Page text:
Music in the Air, But Not Everywhere
I purposely planned my “séjour” in Nice to end a couple days after summer solstice, June 21st, the longest day of the year and the annual Fête de la Musique in France, in spite of the fact that we’re still dealing with deconfinement restrictions.
The history of the annual music festival dates back to 1981 when Jack Lang, Minister of Culture, appointed Maurice Fleuret as Director of Music and Dance. They wanted a festival where “Music will be everywhere and the concert nowhere!” We’ve been blessed ever since with music in the streets until well after sundown — which is as late as 9:57 p.m. in Paris and 9:16 p.m. in Nice.
Over dinner this week with Jack Newcastle and Sarah Starbuck, who taped a House Hunters International with me in Nice last year — “Picky Hunting in Nice, France — we questioned why sundown is so late in Paris, Googling the latitude of Paris compared to other cities around the world. No U.S. city is the same latitude as Paris — 48.85341 to be exact. The Charles de Gaulle airport actually sits on the 49th parallel as does Vancouver, British Columbia, Canada. From a point on the ground at the 49th parallel, the sun is above the horizon for 16 hours, 12 minutes during the summer solstice, and don’t we love it? Nice is much further south on the latitude of 43.7031, hence the earlier sundowns, but I languish in the long days, sultry evenings and endless energy with which the sun fills my bones.
The Ministry of Culture issued a press release on the 16th of June that this year’s Fête de la Musique would be unprecedented as a result of the Covid-19 pandemic. The health standards must be in force and the government could not create large gatherings. Concerts could only be held in places authorized for the public, in the open air, taking care not to create a crowd. Spontaneous concerts were not allowed, although that was nearly impossible to stop or be policed.
For the festival, singer John Garland Jones came out of confinement and his online Facebook concerts to sing in public for the first time since lockdown at the BrewDog beer pub. Being a beautiful sunny Sunday and just having reopened, the BrewDog crowd was sparse, but John had brilliantly set up his Facebook feed to coincide with the live show. When jazz singer Dénia Ridley appeared, we coaxed them into doing a duet and because it’s everyone’s favorite, they crooned “Summertime” which couldn’t have been more fitting.
John taped a House Hunters International show with me ( “Finding a Voice in Nice, France“) and then another one during confinement under the new series, “House Hunters International: The Adventure Continues.” The network, HGTV, happily announced that the new series will be premiering tomorrow, Tuesday, June 23rd at 10:30 p.m. EDT in the United States, but our episode will air June 30th!:
Season 130, Episode 3
“From Heartbroken to Happy in Nice”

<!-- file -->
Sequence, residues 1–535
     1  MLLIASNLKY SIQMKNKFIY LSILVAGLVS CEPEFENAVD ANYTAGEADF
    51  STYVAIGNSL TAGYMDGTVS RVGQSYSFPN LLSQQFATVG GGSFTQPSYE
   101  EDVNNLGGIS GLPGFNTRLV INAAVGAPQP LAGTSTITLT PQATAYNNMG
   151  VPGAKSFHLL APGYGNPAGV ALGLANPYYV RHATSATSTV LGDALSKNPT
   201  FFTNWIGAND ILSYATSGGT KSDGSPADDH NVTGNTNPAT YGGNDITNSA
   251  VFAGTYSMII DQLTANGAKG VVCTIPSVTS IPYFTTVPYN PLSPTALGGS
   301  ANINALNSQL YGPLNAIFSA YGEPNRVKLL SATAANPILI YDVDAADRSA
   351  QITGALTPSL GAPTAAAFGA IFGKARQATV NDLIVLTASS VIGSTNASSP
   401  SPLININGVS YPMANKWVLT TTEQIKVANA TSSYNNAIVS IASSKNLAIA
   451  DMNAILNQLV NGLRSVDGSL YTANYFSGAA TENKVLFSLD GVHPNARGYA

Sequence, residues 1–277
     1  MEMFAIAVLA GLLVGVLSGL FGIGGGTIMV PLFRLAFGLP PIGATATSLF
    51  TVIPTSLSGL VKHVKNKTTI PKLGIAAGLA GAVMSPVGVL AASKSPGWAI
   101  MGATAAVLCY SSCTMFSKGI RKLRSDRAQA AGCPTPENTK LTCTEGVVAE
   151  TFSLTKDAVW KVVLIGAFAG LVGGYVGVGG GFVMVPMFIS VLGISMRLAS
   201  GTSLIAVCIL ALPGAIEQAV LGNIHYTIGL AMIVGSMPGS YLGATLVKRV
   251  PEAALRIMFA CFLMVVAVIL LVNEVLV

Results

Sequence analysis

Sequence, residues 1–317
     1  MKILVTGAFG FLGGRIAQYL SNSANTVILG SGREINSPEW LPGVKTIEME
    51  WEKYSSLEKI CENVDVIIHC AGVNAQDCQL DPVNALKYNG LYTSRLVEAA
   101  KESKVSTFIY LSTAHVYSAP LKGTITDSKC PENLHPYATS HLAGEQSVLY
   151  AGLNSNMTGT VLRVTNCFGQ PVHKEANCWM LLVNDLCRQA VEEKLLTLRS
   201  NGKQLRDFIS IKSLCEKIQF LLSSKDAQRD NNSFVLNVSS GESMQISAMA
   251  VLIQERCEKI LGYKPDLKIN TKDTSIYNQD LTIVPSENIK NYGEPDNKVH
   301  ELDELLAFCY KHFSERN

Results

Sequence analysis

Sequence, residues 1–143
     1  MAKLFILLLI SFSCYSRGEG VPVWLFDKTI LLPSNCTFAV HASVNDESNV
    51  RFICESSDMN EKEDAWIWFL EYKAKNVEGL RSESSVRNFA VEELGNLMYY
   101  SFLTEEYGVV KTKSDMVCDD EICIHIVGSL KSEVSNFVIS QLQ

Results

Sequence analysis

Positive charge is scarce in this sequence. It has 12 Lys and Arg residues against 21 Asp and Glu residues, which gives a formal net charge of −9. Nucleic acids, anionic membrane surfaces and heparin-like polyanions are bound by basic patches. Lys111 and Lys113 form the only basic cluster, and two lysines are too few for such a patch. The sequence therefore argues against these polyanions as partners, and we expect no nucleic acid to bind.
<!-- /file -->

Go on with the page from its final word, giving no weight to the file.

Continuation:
John moved to Nice, France, after his bitter divorce and braved the unfamiliar with help from property consultant Adrian Leeds. Almost two years later, John and Adrian look back at the house hunt and show how not everything unfolded as planned.
Airing: Tuesday, June 30, 10:30 p.m. EDT/9:30 p.m. CDT and Wednesday, July 1, 1:30 a.m. EDT/12:30 CDT
Don’t miss it!
After John’s BrewDog concert, I headed over to Old Town with a couple of friends to see what was going on there and find a spot for dinner. Music was not “everywhere,” but in various bars, cafés and other legally designated spots…that didn’t get seriously underway until later, after dinner. We landed in one of my favorite restaurants serving typical Niçois specialties (La Cuisine Nissarde) — Le Safari — at the far eastern end of the Cours Saleya. We started with “Notre Bagna Càuda,” originally a 16th-century Piedmontese (Italy) dish of garlic, anchovies and olive oil, served as a warm sauce with raw or cooked vegetables, before moving on to the “Petits Farcis” and chilled white wine.
Old Town was filled with people, as if no Covid-19 existed. People were dancing in the Places and wherever it suited them. A percussion band wound it’s way down the narrow streets sending a barrage of drums in all directions and people gathered to move their bodies to the powerful beat. In all honesty, we “over a certain age” didn’t feel as comfortable in the crowds as the younger people did and once satisfied we had had enough of the festivities, parted and headed home.
Rue Masséna, the pedestrian street on which I live, is usually filled with music during the annual festival, but was unusually quiet. Thankfully — for a good night’s sleep.
I’ll be on the train to Paris tomorrow and Wednesday’s Nouvellettre® will be back to Parler Paris. While Paris may always be my first love, Nice warms my heart more profoundly with every sojourn, to the point of making it very difficult to leave. This time is no different, but the plans are already in place to return just after Bastille Day and for the rest of the summer.
So, stay tuned for more!
A la prochaine…
Editor of Parler Nice
(on the Cour Saleya)
P.S. If you are considering a property purchase in Nice, don’t do it lightly. Let us help you make the smartest decisions to ensure you make the best investment you can. We can also expertly advise you how best to create a profitable rental. Contact us at [email protected] to learn more.